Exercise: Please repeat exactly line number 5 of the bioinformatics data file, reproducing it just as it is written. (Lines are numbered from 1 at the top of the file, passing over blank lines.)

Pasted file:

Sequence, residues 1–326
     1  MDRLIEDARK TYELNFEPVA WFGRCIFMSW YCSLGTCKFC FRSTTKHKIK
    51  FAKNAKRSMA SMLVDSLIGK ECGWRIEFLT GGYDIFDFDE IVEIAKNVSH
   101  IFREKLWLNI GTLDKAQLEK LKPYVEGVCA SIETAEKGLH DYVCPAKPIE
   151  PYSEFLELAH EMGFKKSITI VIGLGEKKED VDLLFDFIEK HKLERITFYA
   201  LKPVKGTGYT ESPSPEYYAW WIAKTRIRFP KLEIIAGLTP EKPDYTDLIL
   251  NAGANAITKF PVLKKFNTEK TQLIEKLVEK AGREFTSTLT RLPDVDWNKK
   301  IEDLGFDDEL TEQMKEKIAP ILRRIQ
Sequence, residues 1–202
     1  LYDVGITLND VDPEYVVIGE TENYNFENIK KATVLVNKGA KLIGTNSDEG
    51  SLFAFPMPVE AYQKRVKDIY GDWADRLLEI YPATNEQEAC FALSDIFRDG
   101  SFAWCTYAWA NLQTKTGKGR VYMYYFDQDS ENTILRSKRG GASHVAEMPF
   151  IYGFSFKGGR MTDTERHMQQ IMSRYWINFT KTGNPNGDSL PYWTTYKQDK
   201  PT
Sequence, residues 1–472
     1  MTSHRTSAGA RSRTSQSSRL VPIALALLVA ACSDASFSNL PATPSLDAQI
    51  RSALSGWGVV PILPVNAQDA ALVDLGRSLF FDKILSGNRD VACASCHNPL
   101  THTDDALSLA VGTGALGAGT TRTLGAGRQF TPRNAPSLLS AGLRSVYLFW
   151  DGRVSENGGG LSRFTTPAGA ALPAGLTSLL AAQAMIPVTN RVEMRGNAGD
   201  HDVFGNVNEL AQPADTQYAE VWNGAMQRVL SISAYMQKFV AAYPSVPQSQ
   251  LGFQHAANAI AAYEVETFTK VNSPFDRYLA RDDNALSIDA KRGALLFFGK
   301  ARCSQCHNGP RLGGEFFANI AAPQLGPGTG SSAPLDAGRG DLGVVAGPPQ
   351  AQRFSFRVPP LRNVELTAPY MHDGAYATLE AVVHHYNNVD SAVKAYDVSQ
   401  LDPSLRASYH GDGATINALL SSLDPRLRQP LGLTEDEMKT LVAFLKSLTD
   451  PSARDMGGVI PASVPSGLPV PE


   151  PYSEFLELAH EMGFKKSITI VIGLGEKKED VDLLFDFIEK HKLERITFYA